By now, of course, you have all heard that John McCain, whose love of country and capacity for personal sacrifice know no equal, has sorrowfully set aside his personal ambitions to answer, once again, the call of duty.

It is hard to find fault with Mr. McCain’s ostensible purpose here. One can certainly argue that it is entirely appropriate for the Senate’s most influential member to drop whatever else he might be doing and show up for work at a time like this, and so Mr. McCain is perfectly positioned to affect wounded indignation should anyone make the cruelly cynical suggestion that he is motivated solely by his lust for the glittering prize that suddenly seems to be slipping away. It is a brilliant tactic, and indeed it may well be more than just a tactic: even though both sides are predictably applying the spin that suits their needs, the beauty of this move is that it serves both purposes — playing for the high ground in the political skirmish, and actually helping to get this crisis under control — equally well.

If nothing else, we must give the man full marks for having made this presidential campaign some of the best political theater I’ve seen in my 52 years, first with his selection of the ostentatiously underqualified populist mascot Sarah Palin as his understudy, and now with this clever gambit.

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  1. KMoore says

    McCain & Obama are not on the committees that are negotiating this bailout. Their presence only politicizes a critical time where bipartisianship is attempting to take place. McCain rushing to Washington – grandstanding. McCain is avoiding the American people and using this crisis as an out. The American people have a right to hear these candidates for president now, time is short and we have a right to hear them.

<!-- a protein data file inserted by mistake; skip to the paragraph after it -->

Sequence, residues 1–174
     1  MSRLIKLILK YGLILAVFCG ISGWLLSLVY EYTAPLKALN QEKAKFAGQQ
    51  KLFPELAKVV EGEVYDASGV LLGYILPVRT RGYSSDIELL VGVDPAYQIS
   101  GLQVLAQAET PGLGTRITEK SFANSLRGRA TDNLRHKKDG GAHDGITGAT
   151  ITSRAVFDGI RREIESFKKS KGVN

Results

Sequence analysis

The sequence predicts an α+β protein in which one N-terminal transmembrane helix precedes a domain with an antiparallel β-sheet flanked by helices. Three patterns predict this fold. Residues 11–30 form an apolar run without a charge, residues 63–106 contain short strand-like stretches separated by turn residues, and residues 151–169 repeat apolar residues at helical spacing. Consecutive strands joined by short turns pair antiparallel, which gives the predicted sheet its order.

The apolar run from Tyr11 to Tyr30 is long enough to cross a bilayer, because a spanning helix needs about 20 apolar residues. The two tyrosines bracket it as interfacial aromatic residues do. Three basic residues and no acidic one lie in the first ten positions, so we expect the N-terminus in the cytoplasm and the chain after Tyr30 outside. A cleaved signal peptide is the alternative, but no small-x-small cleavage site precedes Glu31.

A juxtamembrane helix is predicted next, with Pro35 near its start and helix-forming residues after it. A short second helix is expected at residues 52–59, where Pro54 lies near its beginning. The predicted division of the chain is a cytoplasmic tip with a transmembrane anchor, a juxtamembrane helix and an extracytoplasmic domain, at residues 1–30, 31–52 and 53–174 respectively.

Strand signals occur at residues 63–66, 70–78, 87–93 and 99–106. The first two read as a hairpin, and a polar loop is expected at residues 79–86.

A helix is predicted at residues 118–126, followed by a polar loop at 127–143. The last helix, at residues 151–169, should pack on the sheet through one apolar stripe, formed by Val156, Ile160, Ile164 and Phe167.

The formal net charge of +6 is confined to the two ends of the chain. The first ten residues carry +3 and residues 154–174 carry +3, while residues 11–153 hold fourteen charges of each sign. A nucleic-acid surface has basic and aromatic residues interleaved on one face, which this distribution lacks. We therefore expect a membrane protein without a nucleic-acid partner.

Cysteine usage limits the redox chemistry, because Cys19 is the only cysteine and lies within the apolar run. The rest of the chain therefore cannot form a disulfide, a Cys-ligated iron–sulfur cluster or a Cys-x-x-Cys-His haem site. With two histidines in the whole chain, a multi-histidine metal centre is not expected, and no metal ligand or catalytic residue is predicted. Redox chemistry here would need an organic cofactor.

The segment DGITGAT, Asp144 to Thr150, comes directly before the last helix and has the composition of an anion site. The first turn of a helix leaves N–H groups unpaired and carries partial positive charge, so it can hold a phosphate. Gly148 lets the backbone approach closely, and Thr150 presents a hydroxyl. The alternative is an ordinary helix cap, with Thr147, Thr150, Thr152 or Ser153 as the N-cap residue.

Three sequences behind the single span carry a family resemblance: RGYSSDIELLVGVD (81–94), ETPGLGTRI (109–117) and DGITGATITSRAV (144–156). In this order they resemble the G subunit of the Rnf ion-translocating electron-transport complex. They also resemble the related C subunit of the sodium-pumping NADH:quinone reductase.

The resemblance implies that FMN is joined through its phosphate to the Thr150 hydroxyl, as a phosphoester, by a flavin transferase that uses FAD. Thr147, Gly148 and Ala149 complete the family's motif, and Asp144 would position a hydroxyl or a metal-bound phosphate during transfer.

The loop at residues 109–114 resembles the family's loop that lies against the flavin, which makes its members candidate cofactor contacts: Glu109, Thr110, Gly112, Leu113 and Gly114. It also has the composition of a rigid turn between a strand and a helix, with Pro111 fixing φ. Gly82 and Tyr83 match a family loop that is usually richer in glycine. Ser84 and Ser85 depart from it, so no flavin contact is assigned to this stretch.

Posted September 25, 2008 at 3:10 pm | Permalink
  2. JK says

    Well Malcolm,

    Look at this from the bright side. He did pull his campaign ads off the airwaves (for how long, who knows). I for one rather enjoy the momentary return to leggy beauties hawking Fords.

    Maybe this was far more strategic than we give him credit for. I’ll bet even he enjoys endorsing skimpily clad beauties far more than those where he dutifully says, after some sort of “yada, yada, yada, I’m John McCain and I approve this commercial.”

    Posted September 25, 2008 at 3:28 pm | Permalink
  3. Malcolm says

    Hi K, and thanks for visiting.

    M & O, though they may not be on the relevant committees, are the most prominent and influential members of the Senate right now — and of their respective parties’ caucuses. They are certainly going to have important roles to play in assembling the votes to pass or block any proposed legislation.

    Posted September 25, 2008 at 3:47 pm | Permalink
  4. Brandon says

    Posted September 25, 2008 at 3:48 pm | Permalink
  5. Malcolm says

    Thanks, Brandon. We’ll have a look.

    Posted September 25, 2008 at 3:54 pm | Permalink
  6. jerry rubin says

    This is pure nonsense, we all know it and should admit it. Besides not being on the committees who first layout the groundwork, he was in NY all last night in interviews and on talk shows. He did not head to Washington. He did not call parties who were negotiating the deal. He did not call Paulson.

    All he called was GWB and said help me!

    Posted September 25, 2008 at 4:14 pm | Permalink
  7. Malcolm says

    Hi Jerry,

    Well, he’s in Washington now, meeting with the president as we speak.

    Posted September 25, 2008 at 4:30 pm | Permalink
  8. Jean says

    The “immediate crisis” has more to do with Congress’ desire to adjourn for five weeks.